The Brancatelli File



March 1, 1990 -- As a part-time resident and recent guide for 45 first-time visitors to Honolulu, I’m convinced the city exists mostly in dreams. Seduced by repeated viewings of Elvis movies or old issues of Life, people come to Honolulu to live out long-cherished Hawaiian fantasies. Consider these tips as sturdy struts to prop up your dream.

Believe It When: You hear that Waikiki Beach has cleaned up its act. Sidewalk hawkers and pedicabs have largely disappeared, and hotels have primped to the tune of $500 million….You’re told rural Oahu is as beautiful as Maui: beyond Waikiki and downtown Honolulu, the island is mostly lush, green countryside.

Don’t Believe It When: Tour operators say you’ll get special treatment at Pearl Harbor’s Arizona Memorial. All visitors must queue up for the limited number of entry tickets.…Tourism officials claim Waikiki doesn’t court the Japanese, who now represent 20 percent of Oahu’s visitors and account for almost 45 percent of tourist spending….Locals deny prices are rising. Recent hikes are triple the inflation rate as some hotels and merchants rush to cash in on Japanese tourists flush with yen.

Beach Patrol: Hotels and oceanfront residents dislike your using “their” beachfront, but all Hawaiian beaches are public up to the highwater mark. Waikiki is actually a string of different beaches: locals on the make head for “Dig Me” beach near the Kaimana Beach Hotel; Europeans like the beaches in front of the Royal Hawaiian Hotel; the Japanese prefer Kuhio Beach across from the Hyatt Regency. Also along Oahu’s 112-mile shoreline: Waimea Bay (awesome 40-foot winter waves, but perfect summer swimming), Ehukai (surfing’s famed Banzai Pipeline), Sandy Beach (skilled bodysurfers only) and family favorites Waimanalo and Ala Moana.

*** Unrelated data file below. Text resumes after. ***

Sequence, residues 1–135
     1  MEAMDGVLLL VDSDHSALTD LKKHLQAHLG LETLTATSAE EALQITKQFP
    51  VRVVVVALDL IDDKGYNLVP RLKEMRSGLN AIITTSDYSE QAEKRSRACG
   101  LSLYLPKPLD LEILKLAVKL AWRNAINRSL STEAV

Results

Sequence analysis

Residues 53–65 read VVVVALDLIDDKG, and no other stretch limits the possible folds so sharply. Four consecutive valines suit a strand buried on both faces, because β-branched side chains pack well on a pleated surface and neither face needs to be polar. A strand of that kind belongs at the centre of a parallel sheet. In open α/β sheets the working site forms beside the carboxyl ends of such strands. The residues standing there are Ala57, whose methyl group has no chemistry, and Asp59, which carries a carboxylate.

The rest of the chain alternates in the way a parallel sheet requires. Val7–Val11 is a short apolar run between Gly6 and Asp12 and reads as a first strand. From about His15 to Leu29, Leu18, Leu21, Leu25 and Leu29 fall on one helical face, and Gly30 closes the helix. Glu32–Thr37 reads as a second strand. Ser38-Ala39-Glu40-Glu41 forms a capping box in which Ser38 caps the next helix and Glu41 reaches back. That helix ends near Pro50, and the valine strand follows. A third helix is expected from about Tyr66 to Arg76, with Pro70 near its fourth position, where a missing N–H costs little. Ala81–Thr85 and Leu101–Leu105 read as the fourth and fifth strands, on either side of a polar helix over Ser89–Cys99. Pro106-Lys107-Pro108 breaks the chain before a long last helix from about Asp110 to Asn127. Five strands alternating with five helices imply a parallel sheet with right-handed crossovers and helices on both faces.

Best-Kept Secrets: The $15 Friday-night cocktail show by the Brothers Cazimero, reigning stars of modern Hawaiian music, at the Royal Hawaiian (telephone 808-923-7311)….The gripping documentary on coral diving and the exquisite coral baubles at the Jewelry Design Center (808-949-6729)….The gentle hiking trail up Diamond Head and the panoramic view from the top.

Don’t Miss: The Bishop Museum (808-847-3511), an imposing bastion of Polynesian and Pacific cultural artifacts….Any musical event at the Waikiki Shell (808-521-2911) at Diamond Head. Do what locals do: buy cheap lawn tickets, pack a picnic and party under the stars….The fragrant lei-stringing shops lining Maunakea and Beretania Streets. Orchid leis cost just $3. Cindy’s (1034 Maunakea) probably has the best prices, selection and staff.

Getting Around: Everybody rents a car, usually $15-$20 a day. Driving most Oahu highways is a scenic treat, but avoid rush hours. And no one who values his sanity drives in car-clogged Waikiki. Hoof it or use TheBus, Honolulu’s cheap (60 cents) and efficient mass transit.

It’s That Time Again: Oahu has fine beach weather year-round, but Waikiki’s high season begins December 15. Airfares skyrocket (round-trips from the East Coast, which cost $500 before mid-December, now run $700 or more), hotel tariffs rise, and Oahu overflows with winter-weary refugees until late April.

Sporting Life: Golf all day (Oahu has 28 courses), work on your backhand all night (tennis courts in Kapiolani Park are open until 2:30 a.m.)—or try something exotic. Glider rides cost $40 (Glider Rides, 677-3404). Five bucks more buys a day of wind surfing (Kailua Sailboats; 808-262-2555) and ten bucks more, three hours of hang-gliding lessons (Tradewinds; 808-396-8557). Or canter along mountain, valley and oceanfront trails at 4,000-acre Kuoloa Ranch (808-237-8515; $25 for two hours).

Tastiest Souvenirs: Merchants in Waikiki offer a tempting variety of macadamia nuts and mac-nut candies for about one-third the cost at mainland gourmet shops. Hawaiian pineapple is not cheap, just incredibly succulent and fresh. For about $8, many Waikiki shops will have a boxed three-pack waiting for you at the airport.

Delectable Discount Dining: Stop by Woodlands (808-526-2239) for soothing Cantonese cuisine, including perfect dumplings; Chiang Mai (808-941-1151) for fiery Thai food and vegetarian entrees ($25 for two at either).

Hotel Deals: The Waikiki Parc (808-921-7272), one of Honolulu’s newest hotels, has sleek rooms 100 yards from the beach starting at $105. The little-known Ilima (808-923-1877), four blocks from the beach, rents huge studios for rates starting at $75.

Some Enchanted Evening: Book a table at Michel’s at the Colony Surf (808-923-6552). The continental food is superb, and the three elegant dining rooms open directly onto the beach. Dinner for two, without wine, costs $100.

This column originally appeared in Travel & Leisure magazine.

Copyright © 1983-2009 by Joe Brancatelli. All rights reserved.